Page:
Quotes and links on Newtown, and guns more generally (mostly via Twitter).
Few crimes are more harshly forbidden in the Old Testament than sacrifice to the god Moloch (for which see Leviticus 18.21, 20.1-5). The sacrifice referred to was of living children consumed in the fires of offering to Moloch. Ever since then, worship of Moloch has been the sign of a deeply degraded culture. Ancient Romans justified the destruction of Carthage by noting that children were sacrificed to Moloch there. Milton represented Moloch as the first pagan god who joined Satan’s war on humankind:
First Moloch, horrid king, besmear’d with blood
Of human sacrifice, and parents’ tears,
Though for the noise of Drums and Timbrels loud
Their children’s cries unheard, that pass’d through fire
To his grim idol. (Paradise Lost 1.392-96)
Read again those lines, with recent images seared into our brains—“besmeared with blood” and “parents’ tears.” They give the real meaning of what happened at Sandy Hook Elementary School Friday morning. That horror cannot be blamed just on one unhinged person. It was the sacrifice we as a culture made, and continually make, to our demonic god. We guarantee that crazed man after crazed man will have a flood of killing power readily supplied him. We have to make that offering, out of devotion to our Moloch, our god. The gun is our Moloch. We sacrifice children to him daily—sometimes, as at Sandy Hook, by directly throwing them into the fire-hose of bullets from our protected private killing machines, sometimes by blighting our children’s lives by the death of a parent, a schoolmate, a teacher, a protector. Sometimes this is done by mass killings (eight this year), sometimes by private offerings to the god (thousands this year).

-- Garry Wills, "Our Moloch"


Dangerous jobs in today's America (via)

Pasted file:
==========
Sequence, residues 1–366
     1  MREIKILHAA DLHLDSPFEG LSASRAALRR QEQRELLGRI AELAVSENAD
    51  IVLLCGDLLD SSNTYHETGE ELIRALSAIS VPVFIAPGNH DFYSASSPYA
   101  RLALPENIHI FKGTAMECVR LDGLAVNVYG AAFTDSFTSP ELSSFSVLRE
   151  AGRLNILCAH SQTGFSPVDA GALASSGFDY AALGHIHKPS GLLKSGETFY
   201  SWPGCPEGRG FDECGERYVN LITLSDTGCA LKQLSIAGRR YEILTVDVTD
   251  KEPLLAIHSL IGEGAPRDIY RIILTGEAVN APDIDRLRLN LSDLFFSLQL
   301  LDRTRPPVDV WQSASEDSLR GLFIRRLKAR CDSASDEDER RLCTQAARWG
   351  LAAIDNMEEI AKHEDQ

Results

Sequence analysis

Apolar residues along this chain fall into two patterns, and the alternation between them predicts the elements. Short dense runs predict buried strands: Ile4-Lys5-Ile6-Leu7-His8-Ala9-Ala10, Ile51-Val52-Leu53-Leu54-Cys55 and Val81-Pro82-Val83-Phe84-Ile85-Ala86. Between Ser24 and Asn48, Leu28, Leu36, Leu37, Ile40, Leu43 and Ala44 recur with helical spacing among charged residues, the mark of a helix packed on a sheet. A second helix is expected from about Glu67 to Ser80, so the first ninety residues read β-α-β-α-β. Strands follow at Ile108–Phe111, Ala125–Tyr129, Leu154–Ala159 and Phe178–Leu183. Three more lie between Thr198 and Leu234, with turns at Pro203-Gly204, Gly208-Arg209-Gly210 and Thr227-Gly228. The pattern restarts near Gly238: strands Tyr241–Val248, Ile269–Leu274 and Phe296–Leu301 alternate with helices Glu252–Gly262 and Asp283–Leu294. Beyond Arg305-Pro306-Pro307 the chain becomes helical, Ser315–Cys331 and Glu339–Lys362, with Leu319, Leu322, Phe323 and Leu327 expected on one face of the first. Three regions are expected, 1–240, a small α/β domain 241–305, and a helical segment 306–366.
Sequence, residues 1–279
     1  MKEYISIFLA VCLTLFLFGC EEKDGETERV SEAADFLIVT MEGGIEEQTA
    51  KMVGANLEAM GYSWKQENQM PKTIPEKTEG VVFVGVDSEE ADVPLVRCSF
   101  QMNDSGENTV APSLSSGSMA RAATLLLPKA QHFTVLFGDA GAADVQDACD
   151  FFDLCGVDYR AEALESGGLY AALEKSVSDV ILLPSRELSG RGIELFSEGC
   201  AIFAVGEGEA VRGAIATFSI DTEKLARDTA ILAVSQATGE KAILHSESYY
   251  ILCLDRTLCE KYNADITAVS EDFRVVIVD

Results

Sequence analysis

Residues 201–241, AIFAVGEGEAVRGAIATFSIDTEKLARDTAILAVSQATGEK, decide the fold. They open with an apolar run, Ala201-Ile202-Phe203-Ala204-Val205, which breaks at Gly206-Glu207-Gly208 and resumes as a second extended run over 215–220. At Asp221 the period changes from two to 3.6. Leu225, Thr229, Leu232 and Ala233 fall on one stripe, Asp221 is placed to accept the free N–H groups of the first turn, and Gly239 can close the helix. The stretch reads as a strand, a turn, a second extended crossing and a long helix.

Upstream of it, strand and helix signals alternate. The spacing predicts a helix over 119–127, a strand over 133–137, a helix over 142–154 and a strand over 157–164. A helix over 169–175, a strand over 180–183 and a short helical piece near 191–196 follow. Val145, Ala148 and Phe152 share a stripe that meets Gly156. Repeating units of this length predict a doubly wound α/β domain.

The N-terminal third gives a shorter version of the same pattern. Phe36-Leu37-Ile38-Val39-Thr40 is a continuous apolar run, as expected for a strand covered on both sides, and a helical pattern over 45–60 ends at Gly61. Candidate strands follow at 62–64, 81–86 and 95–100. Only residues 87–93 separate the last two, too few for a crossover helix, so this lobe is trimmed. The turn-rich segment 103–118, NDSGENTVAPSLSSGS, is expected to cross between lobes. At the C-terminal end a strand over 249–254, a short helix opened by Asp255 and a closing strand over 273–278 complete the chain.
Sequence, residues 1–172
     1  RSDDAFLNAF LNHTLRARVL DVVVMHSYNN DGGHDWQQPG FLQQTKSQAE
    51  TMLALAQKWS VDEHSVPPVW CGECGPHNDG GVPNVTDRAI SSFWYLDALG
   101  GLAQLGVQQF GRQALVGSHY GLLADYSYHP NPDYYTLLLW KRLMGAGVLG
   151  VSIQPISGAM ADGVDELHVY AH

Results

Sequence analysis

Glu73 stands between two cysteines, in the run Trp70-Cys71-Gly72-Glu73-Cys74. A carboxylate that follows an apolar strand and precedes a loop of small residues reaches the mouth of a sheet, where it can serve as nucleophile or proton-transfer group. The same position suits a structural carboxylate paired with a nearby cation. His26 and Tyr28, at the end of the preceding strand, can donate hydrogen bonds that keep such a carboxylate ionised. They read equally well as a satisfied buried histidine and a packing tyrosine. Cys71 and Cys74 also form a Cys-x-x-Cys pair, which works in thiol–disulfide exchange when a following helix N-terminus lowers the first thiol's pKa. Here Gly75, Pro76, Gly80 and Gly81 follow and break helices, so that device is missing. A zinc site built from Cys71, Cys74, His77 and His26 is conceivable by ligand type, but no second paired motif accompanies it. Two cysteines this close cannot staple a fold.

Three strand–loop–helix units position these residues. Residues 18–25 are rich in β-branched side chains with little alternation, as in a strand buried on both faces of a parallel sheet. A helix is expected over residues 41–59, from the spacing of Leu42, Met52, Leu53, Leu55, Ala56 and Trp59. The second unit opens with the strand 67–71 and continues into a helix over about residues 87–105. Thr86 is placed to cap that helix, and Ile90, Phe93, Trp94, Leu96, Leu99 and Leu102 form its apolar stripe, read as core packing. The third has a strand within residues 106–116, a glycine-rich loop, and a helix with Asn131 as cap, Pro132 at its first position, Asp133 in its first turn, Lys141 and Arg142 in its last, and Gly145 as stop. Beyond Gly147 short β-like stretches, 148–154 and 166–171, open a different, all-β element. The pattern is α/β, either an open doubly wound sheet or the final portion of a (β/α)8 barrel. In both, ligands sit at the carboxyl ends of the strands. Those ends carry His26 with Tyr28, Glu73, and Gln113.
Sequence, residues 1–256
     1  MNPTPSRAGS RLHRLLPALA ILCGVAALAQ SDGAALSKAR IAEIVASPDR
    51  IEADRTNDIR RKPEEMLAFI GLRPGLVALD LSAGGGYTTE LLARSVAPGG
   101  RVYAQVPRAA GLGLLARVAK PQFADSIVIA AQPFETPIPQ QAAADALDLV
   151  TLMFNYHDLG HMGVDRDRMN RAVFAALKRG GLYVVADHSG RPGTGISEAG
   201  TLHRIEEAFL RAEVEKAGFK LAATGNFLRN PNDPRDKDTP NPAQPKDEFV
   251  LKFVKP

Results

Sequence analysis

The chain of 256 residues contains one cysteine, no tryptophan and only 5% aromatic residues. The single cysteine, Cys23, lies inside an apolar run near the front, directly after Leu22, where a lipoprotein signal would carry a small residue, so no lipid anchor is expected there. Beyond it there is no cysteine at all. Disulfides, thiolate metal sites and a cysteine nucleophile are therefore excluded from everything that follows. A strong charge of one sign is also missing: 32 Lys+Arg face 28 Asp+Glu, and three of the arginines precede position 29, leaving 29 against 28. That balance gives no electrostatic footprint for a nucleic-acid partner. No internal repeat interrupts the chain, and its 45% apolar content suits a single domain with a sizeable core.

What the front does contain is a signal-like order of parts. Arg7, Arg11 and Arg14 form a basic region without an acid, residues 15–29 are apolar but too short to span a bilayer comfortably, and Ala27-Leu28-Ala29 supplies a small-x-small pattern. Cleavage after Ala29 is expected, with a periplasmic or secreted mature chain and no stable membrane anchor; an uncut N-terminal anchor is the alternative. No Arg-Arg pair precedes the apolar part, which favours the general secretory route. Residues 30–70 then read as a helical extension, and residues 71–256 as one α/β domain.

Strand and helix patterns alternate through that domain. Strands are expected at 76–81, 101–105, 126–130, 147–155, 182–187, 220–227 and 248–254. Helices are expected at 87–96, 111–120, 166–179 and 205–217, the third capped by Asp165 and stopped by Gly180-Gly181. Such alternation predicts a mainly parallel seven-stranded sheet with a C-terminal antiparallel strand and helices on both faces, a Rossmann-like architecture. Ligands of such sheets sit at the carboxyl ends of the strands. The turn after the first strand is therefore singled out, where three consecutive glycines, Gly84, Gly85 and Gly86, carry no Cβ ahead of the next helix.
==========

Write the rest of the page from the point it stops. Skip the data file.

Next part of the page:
Gun rights advocates also argue that guns provide the ultimate insurance of our freedom, in so far as they are the final deterrent against encroaching centralized government, and an executive branch run amok with power. Any suggestion of limiting guns rights is greeted by ominous warnings that this is a move of expansive, would-be despotic government. It has been the means by which gun rights advocates withstand even the most seemingly rational gun control measures. An assault weapons ban, smaller ammunition clips for guns, longer background checks on gun purchases — these are all measures centralized government wants, they claim, in order to exert control over us, and ultimately impose its arbitrary will. I have often suspected, however, that contrary to holding centralized authority in check, broad individual gun ownership gives the powers-that-be exactly what they want.

After all, a population of privately armed citizens is one that is increasingly fragmented, and vulnerable as a result. Private gun ownership invites retreat into extreme individualism — I heard numerous calls for homeschooling in the wake of the Newtown shootings — and nourishes the illusion that I can be my own police, or military, as the case may be. The N.R.A. would have each of us steeled for impending government aggression, but it goes without saying that individually armed citizens are no match for government force. The N.R.A. argues against that interpretation of the Second Amendment that privileges armed militias over individuals, and yet it seems clear that armed militias, at least in theory, would provide a superior check on autocratic government.

As Michel Foucault pointed out in his detailed study of the mechanisms of power, nothing suits power so well as extreme individualism. In fact, he explains, political and corporate interests aim at nothing less than “individualization,” since it is far easier to manipulate a collection of discrete and increasingly independent individuals than a community. Guns undermine just that — community. Their pervasive, open presence would sow apprehension, suspicion, mistrust and fear, all emotions that are corrosive of community and civic cooperation. To that extent, then, guns give license to autocratic government.